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Stock watch: Marlins minor leaguers

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Reviewing Marlins prospects whose 2019 performances, for better or worse, changed how they’re being perceived moving forward.

Photo by Joe Robbins/Getty Images

In 2017, the Miami Marlins did not have a single top 100 prospect on MLB Pipeline, Baseball America, or just about any site that ranks prospects. Since then, the Marlins have been one of the fastest rising systems in MLB (consensus top 10 in minor league talent rankings). That jump is largely due to the trades of Christian Yelich, Marcell Ozuna and Giancarlo Stanton, but the improved performance of players already in the Marlins system has added some helium to the Marlins rise.

The Marlins were difficult to watch at times at the major league level this season, but the team has exciting talent at every minor league level. Many of the Marlins top prospects took steps towards cracking the big league roster in the near future while some took a step back.

Now that the 2019 regular season has wrapped up, let's take a look at which players are trending up and the others whose stock took a hit.


Stock Up

SP Edward Cabrera

When the Marlins signed Edward Cabrera as an international free agent from the Dominican Republic in 2015, his stuff was never a question. Cabrera posses a plus-plus fastball that sits mid-90s and can touch triple digits paired with two potential plus off speed pitches making it easy to understand what the Marlins saw in the 18 year-old.

Now just finishing his age-21 season, Cabrera put it together on the mound after a few shaky seasons at lower levels. The difference? Maturity. In his four professional seasons at five different levels, Cabrera has been on average roughly 2.5 years younger than his competition.

The 6’4” right hander started 2019 in High-A Jupiter where he carved up Florida State League bats and earned himself a mid-season promotion to AA Jacksonville. Cabrera’s strikeout numbers and ERA hardly budged against better competition as he continued to have success at the next level.

Cabrera saw improvements in virtually every statistic in 2019. Combined at both A and AA this season, he pitched to a 2.23 ERA, 3.06 FIP, 0.99 WHIP, 22.2 K-BB %, and .189 BAA, all career bests. He will likely start next season in AA with an outside chance at a late-season call-up.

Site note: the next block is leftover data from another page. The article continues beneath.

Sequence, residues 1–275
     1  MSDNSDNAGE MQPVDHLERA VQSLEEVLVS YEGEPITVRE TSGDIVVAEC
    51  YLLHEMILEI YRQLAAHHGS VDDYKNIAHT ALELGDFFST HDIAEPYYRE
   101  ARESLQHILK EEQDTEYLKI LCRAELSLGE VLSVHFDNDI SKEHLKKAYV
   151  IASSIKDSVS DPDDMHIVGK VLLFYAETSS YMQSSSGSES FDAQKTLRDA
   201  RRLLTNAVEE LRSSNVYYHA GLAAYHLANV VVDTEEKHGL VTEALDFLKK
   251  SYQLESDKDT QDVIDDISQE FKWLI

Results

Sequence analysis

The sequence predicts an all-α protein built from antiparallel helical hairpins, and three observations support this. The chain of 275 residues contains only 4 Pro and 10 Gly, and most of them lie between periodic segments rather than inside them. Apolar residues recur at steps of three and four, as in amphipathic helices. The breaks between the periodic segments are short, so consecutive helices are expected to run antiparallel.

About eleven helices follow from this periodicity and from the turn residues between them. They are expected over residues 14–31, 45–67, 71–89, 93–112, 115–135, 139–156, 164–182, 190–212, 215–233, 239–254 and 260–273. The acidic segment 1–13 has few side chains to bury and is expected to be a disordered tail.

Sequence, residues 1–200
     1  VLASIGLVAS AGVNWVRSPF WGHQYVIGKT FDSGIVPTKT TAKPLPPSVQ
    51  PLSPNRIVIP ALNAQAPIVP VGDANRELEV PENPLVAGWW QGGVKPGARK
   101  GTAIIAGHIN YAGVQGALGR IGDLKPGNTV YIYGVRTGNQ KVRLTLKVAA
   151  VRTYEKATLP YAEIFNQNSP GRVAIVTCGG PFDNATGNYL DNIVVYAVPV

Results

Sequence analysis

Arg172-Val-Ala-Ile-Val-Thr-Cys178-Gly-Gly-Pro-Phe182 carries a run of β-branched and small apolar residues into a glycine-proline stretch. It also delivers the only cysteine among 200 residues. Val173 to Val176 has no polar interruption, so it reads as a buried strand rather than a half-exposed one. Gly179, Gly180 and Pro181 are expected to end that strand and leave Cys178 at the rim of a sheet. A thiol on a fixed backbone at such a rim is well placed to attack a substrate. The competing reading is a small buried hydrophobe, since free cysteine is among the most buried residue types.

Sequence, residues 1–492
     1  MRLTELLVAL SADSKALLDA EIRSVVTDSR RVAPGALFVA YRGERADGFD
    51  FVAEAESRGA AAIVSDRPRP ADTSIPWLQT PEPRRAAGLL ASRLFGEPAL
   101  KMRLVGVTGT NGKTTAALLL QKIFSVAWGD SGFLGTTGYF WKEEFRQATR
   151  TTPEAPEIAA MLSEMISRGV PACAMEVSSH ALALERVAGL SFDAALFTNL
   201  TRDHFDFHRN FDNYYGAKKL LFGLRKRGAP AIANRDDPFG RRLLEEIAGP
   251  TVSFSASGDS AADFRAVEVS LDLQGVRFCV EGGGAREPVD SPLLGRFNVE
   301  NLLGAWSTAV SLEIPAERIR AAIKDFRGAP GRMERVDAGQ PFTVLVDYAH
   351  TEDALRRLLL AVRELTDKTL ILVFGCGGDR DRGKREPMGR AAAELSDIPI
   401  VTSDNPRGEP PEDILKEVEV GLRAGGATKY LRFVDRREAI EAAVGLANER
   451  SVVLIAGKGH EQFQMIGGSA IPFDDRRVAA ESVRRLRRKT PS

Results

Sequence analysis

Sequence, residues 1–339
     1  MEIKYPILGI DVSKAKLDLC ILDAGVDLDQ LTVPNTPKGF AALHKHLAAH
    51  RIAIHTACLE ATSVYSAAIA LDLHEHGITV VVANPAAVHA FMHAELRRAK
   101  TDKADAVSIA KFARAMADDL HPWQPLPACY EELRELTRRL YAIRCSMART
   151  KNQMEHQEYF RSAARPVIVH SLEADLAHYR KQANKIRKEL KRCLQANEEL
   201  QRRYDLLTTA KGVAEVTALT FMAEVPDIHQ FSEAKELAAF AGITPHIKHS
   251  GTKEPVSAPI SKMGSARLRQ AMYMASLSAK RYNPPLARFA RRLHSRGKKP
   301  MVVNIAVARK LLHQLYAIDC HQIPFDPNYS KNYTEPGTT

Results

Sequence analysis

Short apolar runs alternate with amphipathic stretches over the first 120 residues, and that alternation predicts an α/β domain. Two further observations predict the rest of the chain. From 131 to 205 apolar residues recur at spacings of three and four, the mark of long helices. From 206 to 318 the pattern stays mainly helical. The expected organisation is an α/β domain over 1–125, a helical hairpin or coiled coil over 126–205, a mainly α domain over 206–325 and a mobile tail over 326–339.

SP Trevor Rogers

The Marlins took a bit of a leap of faith in the 2017 MLB Draft when they took high school southpaw Trevor Rogers 13th overall over the likes of Alex Faedo and JB Buskauskus. The 6’6 lefty from New Mexico made his debut nearly a year after hearing his name called by Commissioner Rob Manfred.

Rogers was assigned to make his professional debut with the Greensboro Grasshoppers, which is now the Pirates Single-A affiliate, in 2018. The southpaw would spend the rest of his season there. Plagued somewhat by bad luck, he flat-out struggled—in 17 starts, Rogers racked up a 5.82 ERA, 1.56 WHIP. Naturally, that left many questioning whether the Marlins made the right pick and or if the young pitcher would ever pan out. The fastball velocity was there, but his slider and changeup graded out as average, though many scouts cited the above average potential his offspeed pitches possessed.

Just a year later, Trevor Rogers led all Marlins minor leaguers with 140 strikeouts, dominating the Florida State League and earning a late season promotion to AA. Rogers was able to tap into the potential of his secondary stuff, making his mid-90s fastball that much more effective. Rogers should begin the season in AA with a shot at a mid to late season call-up.

SP Braxton Garrett

Garrett was another highly touted young pitcher who was able to use 2019 as a statement season. Much like Rogers, Garrett was a high school lefty selected in the first round by the Marlins, except Garrett was drafted in 2016, a year before Rogers.

Garrett made just 4 starts in 2017 for the Greensboro Grasshoppers, then did not pitch again until this season due to Tommy John surgery. The 6’3” southpaw made 21 starts in High-A Jupiter and showed few signs of rust pitching to a 3.34 ERA and 3.73 FIP. The strikeout numbers were there for Garrett (18.5 K-BB%) thanks to his plus curveball and overall command which tantalized MLB teams even when he was in high school.

Garrett’s changeup, which improved as the season went on, is the last piece of the puzzle for Garrett who works with a three pitch mix. The 22 year-old lefty should start next season in AA with a similar outside shot at a late season call-up. The hope is Garrett’s command and curveball will be enough to solidify him as a No. 2-3 starter in the bigs.

2B Isan Díaz